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This family portrait shows the smaller satellites of Saturn as viewed by Voyager 2 during its swing through the Saturnian system. The following chart corresponds to this composite photograph (distance from the planet increases from left to right) and lists names, standard numerical designations and approximate dimensions (radii where indicated) in kilometers:
1980S26 Outer F-ring shepherd radii: 120 X 100
1980S1 Leading co-orbital radii: 220 X 160
1980S25 Trailing Tethys trojan radius: 25
1980S28 Outer A shepherd radius: 20
1980S27 Inner F-ring co-orbital radii: 145 X 70
1980S3 Trailing Tethys trojan radii: 140 X 100
1980S13 Leading Tethys trojan radius: 30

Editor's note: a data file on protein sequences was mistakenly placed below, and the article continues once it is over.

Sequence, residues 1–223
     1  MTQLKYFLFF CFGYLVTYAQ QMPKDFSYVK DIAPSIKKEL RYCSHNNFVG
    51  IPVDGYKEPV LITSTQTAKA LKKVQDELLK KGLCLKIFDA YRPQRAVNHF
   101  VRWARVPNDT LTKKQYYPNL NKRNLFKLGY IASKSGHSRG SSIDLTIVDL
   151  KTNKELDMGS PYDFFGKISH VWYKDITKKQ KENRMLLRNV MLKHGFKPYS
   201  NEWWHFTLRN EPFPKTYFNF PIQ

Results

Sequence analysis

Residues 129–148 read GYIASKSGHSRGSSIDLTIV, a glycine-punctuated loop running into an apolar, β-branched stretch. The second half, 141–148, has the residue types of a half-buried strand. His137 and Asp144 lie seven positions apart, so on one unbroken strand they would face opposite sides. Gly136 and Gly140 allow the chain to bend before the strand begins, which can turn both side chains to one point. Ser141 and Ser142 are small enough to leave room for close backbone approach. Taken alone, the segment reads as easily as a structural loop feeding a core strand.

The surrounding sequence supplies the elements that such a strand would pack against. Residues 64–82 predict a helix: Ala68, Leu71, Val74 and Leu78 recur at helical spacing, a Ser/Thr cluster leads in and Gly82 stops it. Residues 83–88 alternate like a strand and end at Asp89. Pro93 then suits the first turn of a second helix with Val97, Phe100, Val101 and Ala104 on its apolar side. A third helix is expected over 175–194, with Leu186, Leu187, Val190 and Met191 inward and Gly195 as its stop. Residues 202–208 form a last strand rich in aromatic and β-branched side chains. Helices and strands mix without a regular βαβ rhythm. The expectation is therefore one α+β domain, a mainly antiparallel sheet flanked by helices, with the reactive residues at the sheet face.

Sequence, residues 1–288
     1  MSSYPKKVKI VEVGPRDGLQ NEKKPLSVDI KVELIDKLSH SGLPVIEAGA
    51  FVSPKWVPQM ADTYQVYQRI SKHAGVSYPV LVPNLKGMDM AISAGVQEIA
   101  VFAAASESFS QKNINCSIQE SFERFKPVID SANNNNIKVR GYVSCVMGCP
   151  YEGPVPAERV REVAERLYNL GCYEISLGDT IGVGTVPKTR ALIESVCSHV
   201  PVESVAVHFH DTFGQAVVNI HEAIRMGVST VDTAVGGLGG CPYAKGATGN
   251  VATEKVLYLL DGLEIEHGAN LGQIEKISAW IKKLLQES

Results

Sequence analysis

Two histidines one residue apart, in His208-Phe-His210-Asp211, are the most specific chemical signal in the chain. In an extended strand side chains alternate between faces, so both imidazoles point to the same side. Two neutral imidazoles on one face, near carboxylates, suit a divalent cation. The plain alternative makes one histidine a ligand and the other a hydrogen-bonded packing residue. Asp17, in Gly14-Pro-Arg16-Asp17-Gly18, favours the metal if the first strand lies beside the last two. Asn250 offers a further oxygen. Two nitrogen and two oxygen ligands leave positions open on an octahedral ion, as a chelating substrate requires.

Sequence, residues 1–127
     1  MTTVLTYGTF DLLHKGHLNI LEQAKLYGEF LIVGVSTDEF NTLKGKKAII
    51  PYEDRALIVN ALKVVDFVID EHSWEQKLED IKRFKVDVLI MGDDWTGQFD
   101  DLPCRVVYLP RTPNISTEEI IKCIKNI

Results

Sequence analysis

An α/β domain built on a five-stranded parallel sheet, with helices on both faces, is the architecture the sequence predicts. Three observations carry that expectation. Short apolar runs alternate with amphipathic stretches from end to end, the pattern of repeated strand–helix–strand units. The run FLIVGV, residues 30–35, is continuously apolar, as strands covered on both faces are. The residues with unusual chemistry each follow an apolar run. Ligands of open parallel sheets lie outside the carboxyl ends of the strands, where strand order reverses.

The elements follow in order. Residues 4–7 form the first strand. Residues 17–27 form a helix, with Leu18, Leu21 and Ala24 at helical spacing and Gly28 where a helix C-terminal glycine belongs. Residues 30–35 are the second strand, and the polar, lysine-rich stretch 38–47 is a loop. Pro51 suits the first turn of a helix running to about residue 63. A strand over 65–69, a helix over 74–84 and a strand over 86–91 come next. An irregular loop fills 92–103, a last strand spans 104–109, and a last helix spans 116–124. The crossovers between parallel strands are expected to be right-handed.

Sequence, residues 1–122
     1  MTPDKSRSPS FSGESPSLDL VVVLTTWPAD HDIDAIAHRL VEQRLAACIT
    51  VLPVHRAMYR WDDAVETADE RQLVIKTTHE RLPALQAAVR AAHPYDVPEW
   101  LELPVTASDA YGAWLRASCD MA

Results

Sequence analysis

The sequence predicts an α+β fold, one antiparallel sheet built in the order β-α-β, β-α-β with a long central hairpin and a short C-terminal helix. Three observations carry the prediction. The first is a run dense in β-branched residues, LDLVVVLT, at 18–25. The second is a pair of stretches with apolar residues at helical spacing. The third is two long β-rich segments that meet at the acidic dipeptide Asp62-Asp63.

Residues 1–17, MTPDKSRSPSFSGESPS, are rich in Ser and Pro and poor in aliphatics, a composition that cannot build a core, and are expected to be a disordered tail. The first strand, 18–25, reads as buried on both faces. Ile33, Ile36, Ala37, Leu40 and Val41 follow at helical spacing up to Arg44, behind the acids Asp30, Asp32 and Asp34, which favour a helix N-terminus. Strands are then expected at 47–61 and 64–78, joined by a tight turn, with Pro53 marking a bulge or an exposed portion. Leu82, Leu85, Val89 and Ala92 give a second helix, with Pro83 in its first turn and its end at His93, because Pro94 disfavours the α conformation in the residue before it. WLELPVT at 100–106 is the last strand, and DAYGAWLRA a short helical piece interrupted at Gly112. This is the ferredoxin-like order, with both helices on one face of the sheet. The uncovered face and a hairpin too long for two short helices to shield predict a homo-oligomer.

1980S6 Leading Dione trojan radius: 30
These images have been scaled to show the satellites in true relative sizes. This set of small objects ranges in size from small asteroidal scales to nearly the size of Saturn's moon Mimas. They are probably fragments of somewhat larger bodies broken up during the bombardment period that followed accretion of the Saturnian system. Scientists believe they may be mostly icy bodies with a mixture of meteorite rock. They are somewhat less reflective than the larger satellites, suggesting that thermal evolution of the larger moons "cleaned up" their icy surfaces.
The Voyager Project is managed for NASA by the Jet Propulsion Laboratory, Pasadena, Calif.